We Are Social’s Tuesday Tune-Up #217

Twitter revamps how images will now appear on their platform

Twitter recently announced a new richer experience for photos in your Twitter timeline. Starting from Monday, Twitter users are now able to see images from the accounts they follow in full uncropped versions. Twitter has not announced when this feature will be rolled out for mobile, so for now it is only for desktop users. No longer will you have to click to see more of the images, see your cat photos in the length they are meant to be enjoyed!


Another new update that was also revealed is a change to the multiple image format. Instead of seeing the cropped images evenly spaced out, the tweets will now allow you to have one image larger as the focus with smaller thumbnails for the others.



Facebook allows users to add photo collages

The days where you would debate which photo to upload to Facebook are a thing of the past; now the platform is allowing users to group photos that were taken together into a moving collage so your friends and family can really experience what you’ve been up to. It’s probably the next best thing to actually inviting them along!


See which Twitter moments defined the year in social media



Twitter has released their highlights video for 2015 showing some of the biggest trends and important moments over the past year, from the famous Oscar selfie with Ellen DeGeneres to the overwhelming social support following the Charlie Hebdo attacks.

The two-minute clip using pictures, tweets and videos demonstrates how the world reacts to events on social media. When events happen, they are unified through hashtags to create global conversations. It will be interesting to see what new unpredictable trends will emerge in the year 2016 and maybe this time something will actually “break the internet.”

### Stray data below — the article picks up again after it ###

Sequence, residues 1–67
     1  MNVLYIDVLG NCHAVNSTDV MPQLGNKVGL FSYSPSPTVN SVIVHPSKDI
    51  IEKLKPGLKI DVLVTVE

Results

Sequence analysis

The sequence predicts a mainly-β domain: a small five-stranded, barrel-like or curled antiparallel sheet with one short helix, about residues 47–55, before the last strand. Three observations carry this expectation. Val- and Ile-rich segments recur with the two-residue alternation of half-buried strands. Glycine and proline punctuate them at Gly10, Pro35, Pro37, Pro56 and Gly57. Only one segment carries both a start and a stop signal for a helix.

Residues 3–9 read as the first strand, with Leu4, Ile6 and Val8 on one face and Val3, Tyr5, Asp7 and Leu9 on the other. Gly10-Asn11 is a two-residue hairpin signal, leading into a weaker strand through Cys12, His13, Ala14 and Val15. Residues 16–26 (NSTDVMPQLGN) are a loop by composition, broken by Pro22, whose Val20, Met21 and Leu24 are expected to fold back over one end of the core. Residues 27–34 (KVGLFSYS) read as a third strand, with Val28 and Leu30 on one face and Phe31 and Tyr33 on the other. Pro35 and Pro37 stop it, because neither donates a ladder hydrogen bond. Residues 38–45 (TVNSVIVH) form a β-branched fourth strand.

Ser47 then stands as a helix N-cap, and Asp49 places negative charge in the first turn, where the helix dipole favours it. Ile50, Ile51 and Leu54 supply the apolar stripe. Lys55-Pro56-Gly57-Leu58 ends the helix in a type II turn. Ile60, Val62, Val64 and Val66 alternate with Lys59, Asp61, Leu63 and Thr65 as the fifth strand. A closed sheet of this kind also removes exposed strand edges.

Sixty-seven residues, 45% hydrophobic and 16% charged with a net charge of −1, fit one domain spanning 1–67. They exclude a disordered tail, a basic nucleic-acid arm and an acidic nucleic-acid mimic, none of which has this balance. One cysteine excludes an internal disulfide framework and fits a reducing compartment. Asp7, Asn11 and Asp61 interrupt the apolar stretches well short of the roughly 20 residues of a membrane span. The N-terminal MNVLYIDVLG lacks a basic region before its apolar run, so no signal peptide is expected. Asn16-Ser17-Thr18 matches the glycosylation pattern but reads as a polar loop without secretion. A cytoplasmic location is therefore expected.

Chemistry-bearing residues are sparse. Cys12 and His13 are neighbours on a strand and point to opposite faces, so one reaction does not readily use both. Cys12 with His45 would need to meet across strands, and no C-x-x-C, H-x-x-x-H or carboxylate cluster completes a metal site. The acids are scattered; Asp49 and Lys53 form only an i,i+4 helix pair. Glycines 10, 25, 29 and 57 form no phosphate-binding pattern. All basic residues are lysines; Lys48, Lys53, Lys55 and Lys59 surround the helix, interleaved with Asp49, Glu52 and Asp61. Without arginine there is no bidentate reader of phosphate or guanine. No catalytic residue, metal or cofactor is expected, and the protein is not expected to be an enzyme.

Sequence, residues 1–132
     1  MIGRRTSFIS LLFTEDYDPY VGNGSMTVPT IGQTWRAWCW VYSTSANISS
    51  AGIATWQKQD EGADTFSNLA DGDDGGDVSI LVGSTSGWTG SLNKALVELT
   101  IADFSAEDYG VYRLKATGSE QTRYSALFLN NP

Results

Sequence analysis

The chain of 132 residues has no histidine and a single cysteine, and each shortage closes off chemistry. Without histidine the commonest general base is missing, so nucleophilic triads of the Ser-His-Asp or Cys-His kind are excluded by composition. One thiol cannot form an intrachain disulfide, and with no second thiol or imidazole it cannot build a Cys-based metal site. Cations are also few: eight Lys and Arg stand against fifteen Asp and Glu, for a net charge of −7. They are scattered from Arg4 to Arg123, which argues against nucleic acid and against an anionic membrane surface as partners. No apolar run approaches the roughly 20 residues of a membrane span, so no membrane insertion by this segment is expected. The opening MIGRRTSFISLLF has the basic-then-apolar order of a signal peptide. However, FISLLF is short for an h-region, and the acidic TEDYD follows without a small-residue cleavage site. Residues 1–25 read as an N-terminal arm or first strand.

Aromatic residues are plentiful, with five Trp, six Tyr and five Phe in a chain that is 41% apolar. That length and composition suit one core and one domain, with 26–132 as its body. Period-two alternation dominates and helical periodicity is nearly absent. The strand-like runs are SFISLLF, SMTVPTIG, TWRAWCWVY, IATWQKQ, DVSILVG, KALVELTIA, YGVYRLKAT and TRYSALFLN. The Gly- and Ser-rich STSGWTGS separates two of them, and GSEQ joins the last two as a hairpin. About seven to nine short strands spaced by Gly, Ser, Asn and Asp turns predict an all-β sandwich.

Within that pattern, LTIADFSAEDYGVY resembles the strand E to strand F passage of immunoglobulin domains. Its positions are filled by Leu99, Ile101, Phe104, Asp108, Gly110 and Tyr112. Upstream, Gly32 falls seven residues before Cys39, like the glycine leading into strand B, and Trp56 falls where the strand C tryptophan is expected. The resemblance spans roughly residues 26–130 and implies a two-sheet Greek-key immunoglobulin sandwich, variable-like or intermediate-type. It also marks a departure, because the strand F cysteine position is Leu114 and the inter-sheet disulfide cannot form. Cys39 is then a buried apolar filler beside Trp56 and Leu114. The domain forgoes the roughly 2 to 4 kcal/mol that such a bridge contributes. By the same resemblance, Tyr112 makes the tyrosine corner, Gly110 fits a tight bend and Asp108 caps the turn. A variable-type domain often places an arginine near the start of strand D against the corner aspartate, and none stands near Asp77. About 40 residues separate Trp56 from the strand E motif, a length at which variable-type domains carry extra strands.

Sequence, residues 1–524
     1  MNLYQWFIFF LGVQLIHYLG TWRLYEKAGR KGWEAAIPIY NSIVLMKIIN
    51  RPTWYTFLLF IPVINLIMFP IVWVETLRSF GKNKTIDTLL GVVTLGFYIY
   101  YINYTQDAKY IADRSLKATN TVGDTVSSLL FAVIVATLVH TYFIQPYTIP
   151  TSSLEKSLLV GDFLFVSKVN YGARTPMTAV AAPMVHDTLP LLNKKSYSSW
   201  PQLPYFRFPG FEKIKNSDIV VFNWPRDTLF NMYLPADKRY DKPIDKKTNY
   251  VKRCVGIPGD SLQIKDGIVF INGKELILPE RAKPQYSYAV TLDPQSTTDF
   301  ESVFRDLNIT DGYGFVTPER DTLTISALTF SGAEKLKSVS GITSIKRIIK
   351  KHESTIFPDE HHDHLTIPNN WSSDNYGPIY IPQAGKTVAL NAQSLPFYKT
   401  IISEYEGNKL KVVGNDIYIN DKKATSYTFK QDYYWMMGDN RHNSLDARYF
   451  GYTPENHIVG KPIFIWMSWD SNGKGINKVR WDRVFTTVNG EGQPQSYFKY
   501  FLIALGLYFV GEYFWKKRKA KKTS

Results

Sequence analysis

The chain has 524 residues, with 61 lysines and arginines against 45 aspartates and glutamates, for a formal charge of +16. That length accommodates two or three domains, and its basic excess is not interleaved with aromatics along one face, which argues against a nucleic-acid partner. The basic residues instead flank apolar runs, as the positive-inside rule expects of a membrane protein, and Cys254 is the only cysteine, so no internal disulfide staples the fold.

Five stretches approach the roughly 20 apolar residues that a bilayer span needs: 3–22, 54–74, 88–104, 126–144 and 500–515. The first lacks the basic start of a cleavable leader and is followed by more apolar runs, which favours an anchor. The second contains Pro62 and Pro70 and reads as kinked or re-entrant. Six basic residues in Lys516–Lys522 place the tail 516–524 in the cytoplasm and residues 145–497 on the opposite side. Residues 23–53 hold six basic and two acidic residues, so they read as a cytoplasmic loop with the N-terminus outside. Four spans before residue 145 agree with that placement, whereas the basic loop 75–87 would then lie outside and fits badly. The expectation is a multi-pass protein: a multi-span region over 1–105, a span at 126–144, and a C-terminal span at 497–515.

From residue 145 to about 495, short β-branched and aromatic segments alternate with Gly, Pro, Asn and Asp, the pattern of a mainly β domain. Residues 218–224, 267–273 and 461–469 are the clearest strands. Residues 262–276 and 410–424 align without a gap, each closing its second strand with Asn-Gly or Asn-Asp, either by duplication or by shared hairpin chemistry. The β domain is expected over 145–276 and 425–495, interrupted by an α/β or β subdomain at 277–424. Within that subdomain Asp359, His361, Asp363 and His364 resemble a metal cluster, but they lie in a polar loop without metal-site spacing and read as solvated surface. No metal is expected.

Will this new social media app bomb or become the new Snapchat?

Featured Image for Bomb’d: The hottest new social media app that old people won’t understand and is made by Australians


Move over Snapchat, there is a new social media app exploding onto the scene. The app has been described as the reverse social media, using a request based system where users request a “bomb” from their friends, meaning that you only get pictures from the people you want. The current description for the app reads “Bomb’d is the REAL social network. It’s NO FILTER and RN AF. Your friends, your family, and even your favourite celebs are using Bomb’d to see what their Squad are really up to right NOW.”

Bomb’d is an Australian made app, which is apparently valued at $10 million prior to launch, but who are the people behind this app and will they blow up to be the next Evan Spiegel? The PR for Bomb’d are remaining tight lipped stating, “the people behind this remain top secret. We can’t tell you their names, but there are a few key backers involved in the app along with some industry heavyweights.” It will be interesting to see if this app can match the success that has been reached with Snapchat.


You can now livestream on Facebook

Not one to be left behind by the likes of Periscope and Meerkat, Facebook has entered the world of livestreaming. The new feature allows users to share their experiences with the people that they care about in real-time – whether you’re sharing your baby’s first steps or cooking your Weight Watchers microwave meals. Facebook’s livestreaming feature is built directly within its app and once streams are completed the video is published onto the user’s profile. Whilst it is currently only being rolled-out to a lucky few, there are plans expand to all users in the future.


Facebook will implement suicide prevention tools to intervene when you see something wrong with a friend




Facebook Australia has announced new suicide prevention initiatives. The program was launched in the U.S early this year, and will now be rolling out in Australia. Here, Facebook will be working with initiatives BeyondBlue and Headspace. “Keeping people safe is our most important responsibility on Facebook,” said a spokesperson.

Seen a post that you concerns you? There are now steps you can take to help them by reporting the post. Facebook has teams working around the clock to review posts that have been reported and assess if they can encourage the poster to speak with a mental health professional through a private pop-up chat or to reach out to one of their friends. “Globally there are multiple millions of users all going through these same problems,” Chris Tanti, Headspace CEO said about the new tools, “People can be notified and help can be provided just about anywhere in Australia, which is fantastic.”